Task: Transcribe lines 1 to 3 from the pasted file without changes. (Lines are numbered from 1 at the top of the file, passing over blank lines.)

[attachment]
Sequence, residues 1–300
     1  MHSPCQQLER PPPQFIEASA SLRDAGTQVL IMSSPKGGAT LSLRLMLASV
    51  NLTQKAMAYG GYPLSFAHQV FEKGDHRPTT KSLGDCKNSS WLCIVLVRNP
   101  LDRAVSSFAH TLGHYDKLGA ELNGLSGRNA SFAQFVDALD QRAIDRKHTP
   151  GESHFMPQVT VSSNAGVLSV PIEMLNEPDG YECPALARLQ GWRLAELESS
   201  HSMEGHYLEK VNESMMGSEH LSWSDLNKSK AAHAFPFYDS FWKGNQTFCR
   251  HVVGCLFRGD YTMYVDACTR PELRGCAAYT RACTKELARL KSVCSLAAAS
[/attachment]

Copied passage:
Sequence, residues 1–300
     1  MHSPCQQLER PPPQFIEASA SLRDAGTQVL IMSSPKGGAT LSLRLMLASV
    51  NLTQKAMAYG GYPLSFAHQV FEKGDHRPTT KSLGDCKNSS WLCIVLVRNP